The shutdown of Australia’s cruise industry due to the coronavirus pandemic has cost the country $500 million so far, a figure that is projected to be around one-third of the total economic loss if the local cruise ban continues into mid-September.
According to an analysis commissioned by Cruise Lines International Association (CLIA) Australasia, the current half a billion-dollar blow to the economy was measured up to the end of May 2020 and had it not been for the Australian Government’s JobKeeper program, the cruising shutdown would have cost around 1,700 local jobs.
Should the cruise ban continue until mid-September, the cost to Australia is expected to be more than $1.4 billion and threatens the jobs of more than 4,800 people, economic analysts and forecasters AEC Group found.
AEC Group forecasts that if the cruise suspension continues beyond its current date of 17 September and into the summer high-season, the economic loss to Australia would total a further $3.8 billion and place another 13,000 jobs at risk.
CLIA Managing Director Australasia Joel Katz said the association had backed calls for the JobKeeper scheme to be extended for travel advisors and others in the travel industry.
“Cruise tourism is worth $5.2 billion a year to the Australia economy and supports more than 18,000 jobs,” Katz said.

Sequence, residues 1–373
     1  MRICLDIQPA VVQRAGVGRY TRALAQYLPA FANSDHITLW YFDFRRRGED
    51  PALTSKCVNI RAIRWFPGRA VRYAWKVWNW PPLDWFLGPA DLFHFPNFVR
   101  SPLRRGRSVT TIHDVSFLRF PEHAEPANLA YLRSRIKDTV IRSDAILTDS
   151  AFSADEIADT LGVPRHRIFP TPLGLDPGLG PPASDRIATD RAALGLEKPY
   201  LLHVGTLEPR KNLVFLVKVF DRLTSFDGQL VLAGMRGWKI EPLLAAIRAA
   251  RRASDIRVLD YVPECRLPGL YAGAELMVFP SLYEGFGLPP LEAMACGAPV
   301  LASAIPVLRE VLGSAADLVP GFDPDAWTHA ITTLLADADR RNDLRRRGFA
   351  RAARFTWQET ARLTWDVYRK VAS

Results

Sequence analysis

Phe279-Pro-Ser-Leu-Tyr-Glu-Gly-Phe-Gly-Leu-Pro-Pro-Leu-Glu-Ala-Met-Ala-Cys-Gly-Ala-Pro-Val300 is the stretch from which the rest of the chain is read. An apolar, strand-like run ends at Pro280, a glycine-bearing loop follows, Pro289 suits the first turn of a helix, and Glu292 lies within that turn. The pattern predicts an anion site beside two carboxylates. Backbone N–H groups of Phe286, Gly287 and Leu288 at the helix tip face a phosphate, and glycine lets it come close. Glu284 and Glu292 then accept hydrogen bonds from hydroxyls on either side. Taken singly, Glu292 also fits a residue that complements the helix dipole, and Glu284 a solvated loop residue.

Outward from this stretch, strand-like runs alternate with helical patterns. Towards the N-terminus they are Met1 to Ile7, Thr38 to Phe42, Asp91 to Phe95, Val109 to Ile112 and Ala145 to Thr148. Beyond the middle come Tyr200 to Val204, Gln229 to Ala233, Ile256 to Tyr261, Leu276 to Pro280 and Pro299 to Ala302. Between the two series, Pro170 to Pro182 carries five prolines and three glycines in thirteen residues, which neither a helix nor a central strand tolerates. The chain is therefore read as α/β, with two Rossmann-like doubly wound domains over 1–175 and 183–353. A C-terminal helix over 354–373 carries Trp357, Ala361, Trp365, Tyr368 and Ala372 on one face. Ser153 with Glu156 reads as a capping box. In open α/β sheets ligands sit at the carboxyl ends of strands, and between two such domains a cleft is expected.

“The suspensions that cruise lines and governments have enacted worldwide have been the right response as we confront COVID-19, but there is an enormous cost to those who make up the wider cruise community,” he said. “There are many thousands of travel agents, tour operators, ports and destinations, technical support providers, and food and beverage suppliers who support the cruise industry and are suffering enormous financial stress.”
Katz said CLIA had written to the Australian Government to reinforce the economic importance of the cruise industry and to request a JobKeeper extension for travel agents and the travel industry. In the meantime, he said cruise lines were hard at work developing extensive measures to uphold the health and safety of passengers and crew when the time is right to resume sailing.
“The cruise industry is taking a wide-ranging and holistic approach to planning for COVID-19 safety when sailing can resume,” Katz said. “While it is too soon to outline specific measures, the industry is considering protocols that will ideally entail a door-to-door strategy beginning at the time of booking through to when a passenger returns home.
“CLIA cruise lines are using this time to ensure we learn as much as possible from COVID-19 and develop the best possible response, so that the wellbeing of passengers remains our highest priority and the economic benefit of cruising can return to communities around Australia,” he said.
Lead image credit: A ship-less Overseas Passenger Terminal, Circular Quay, Sydney | Tom Hill on Unsplash